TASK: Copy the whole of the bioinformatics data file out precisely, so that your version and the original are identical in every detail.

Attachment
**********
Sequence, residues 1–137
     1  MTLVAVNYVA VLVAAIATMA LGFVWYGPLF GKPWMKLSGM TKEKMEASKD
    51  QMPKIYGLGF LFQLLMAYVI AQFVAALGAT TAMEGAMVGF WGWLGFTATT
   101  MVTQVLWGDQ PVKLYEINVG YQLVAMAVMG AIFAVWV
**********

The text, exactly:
Sequence, residues 1–137
     1  MTLVAVNYVA VLVAAIATMA LGFVWYGPLF GKPWMKLSGM TKEKMEASKD
    51  QMPKIYGLGF LFQLLMAYVI AQFVAALGAT TAMEGAMVGF WGWLGFTATT
   101  MVTQVLWGDQ PVKLYEINVG YQLVAMAVMG AIFAVWV